Stronach Group Buys Three Pegasus World Cup Slots

Race promoters the Stronach Group have bought three unsold places for the 2018 Pegasus World Cup after only nine of the 12 field slots found buyers by the deadline on December 15.
The Stronach Group will now attempt to find suitable horses to fill the three slots before the $US16 million race to be run at Gulfstream Park in Florida in January. Each slot costs $US1 million.
Stronach Group CEO Tim Ritvo is confident his team will negotiate deals to fill the three vacant slots.
“We put up the extra money to protect the purse of $16 million,” Ritvo said. “Now it’s up to us to cut deals with people who may want to run.
“It could be a 50-50 deal or we could sell the entire spot to someone. There are still a lot of horses out there who are possibilities.”
Ritvo said he was delighted with the quality of the horses that have committed to the race as they include five of the first six to finish in the Breeders Cup Classic in November.
“Yes, we wish we had all 12 slots sold by now, but those things happen,” Ritvo said.
“We are thrilled with what we have. It’s our second year and there are still growing pains.
“This race has extended the racing careers of at least two horses, Gun Runner and Stellar Wind, and that never would have happened without this race.
“It’s great for racing to get to see these horses run again.”
The horses whose connections have secured Pegasus World Cup slots are Breeders Cup Classic winner Gun Runner, West Coast, Toast Of New York, Gunnevera, War Story, Collected, Stellar Wind and Seeking The Soul.
The ninth spot was purchased earlier by Frank Stronach’s Adena Springs Farm, which is yet to determine the horse it will use to fill the slot.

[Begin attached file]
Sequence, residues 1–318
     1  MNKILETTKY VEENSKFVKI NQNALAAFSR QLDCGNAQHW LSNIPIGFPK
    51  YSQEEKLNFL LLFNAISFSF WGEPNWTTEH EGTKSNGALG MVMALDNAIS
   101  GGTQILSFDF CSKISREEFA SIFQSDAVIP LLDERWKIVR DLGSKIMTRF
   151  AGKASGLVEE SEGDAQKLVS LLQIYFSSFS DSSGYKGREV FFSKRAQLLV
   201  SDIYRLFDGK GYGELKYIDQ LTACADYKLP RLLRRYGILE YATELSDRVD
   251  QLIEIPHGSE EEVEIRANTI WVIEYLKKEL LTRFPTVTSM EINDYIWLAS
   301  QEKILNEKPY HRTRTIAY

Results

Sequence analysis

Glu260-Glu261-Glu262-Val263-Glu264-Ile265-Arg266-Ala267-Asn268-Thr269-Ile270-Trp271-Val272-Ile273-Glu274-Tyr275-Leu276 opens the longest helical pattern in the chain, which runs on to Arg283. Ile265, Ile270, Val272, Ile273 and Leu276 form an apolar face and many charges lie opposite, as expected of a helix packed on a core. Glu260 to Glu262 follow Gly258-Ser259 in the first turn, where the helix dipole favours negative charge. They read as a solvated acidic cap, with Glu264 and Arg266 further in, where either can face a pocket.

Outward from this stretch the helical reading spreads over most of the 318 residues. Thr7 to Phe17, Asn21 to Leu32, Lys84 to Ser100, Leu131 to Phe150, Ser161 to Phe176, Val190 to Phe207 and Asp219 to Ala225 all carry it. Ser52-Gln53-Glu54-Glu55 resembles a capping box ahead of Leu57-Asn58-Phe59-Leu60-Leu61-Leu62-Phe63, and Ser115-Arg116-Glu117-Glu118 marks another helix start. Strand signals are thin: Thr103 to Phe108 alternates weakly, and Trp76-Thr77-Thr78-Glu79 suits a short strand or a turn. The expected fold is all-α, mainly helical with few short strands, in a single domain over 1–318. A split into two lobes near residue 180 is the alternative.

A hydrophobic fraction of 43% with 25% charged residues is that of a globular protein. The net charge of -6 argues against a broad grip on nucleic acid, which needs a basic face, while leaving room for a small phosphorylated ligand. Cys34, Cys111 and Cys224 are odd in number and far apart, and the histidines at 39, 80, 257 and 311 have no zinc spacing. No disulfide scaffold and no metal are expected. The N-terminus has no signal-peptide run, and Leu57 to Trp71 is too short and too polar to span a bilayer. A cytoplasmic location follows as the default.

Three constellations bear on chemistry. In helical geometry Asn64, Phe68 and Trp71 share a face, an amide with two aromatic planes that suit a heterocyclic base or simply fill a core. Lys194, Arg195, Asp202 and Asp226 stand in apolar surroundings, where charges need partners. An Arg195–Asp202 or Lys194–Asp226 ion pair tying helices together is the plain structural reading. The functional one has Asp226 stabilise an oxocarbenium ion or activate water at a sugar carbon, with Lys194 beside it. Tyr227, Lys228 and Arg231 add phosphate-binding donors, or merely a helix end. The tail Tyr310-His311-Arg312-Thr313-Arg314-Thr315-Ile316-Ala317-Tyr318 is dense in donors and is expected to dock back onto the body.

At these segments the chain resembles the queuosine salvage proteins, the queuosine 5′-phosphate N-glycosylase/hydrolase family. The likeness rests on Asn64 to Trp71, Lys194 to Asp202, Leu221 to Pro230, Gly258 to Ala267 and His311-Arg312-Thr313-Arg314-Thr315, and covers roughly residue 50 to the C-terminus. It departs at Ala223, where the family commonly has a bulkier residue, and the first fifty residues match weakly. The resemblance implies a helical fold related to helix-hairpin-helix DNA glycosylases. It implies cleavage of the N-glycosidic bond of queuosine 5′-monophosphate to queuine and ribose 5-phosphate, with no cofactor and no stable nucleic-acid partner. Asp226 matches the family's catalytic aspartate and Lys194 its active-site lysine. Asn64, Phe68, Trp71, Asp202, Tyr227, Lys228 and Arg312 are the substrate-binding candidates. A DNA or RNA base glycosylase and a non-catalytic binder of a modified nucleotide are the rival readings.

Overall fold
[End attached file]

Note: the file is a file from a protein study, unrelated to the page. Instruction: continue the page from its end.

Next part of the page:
The major omission from the list was Breeders Cup Distaff winner Forever Unbridled, owned by Charles Fipke.
Fipke instead bought a slot for her Dallas Stewart-trained stablemate Seeking The Soul, a last start G1 winner of the Clark Handicap.
Possibles to fill the three open slots include Cigar Mile winner Sharp Aztecta, recent G3 winner Prime Attraction and the Todd Pletcher-trained Destin.
Trainer Jorge Navarro said Sharp Azteca’s owner Ivan Rodriguez wants to run but cannot make a commitment to the Pegasus World Cup because he is in the process of negotiating a deal to sell an interest in the six-time stakes winner.
The fist running of the Pegasus World Cup was worth $12 million but was a costly exercise for participants whose horses did not finish in the top three. Their return on their $1 million slot investment was $350,000.
The Stronach Group has added $4 million to this year’s prize pot while keeping the cost of a slot at $1 million. This guarantees a minimum return of $650,000 to all starters in 2018.

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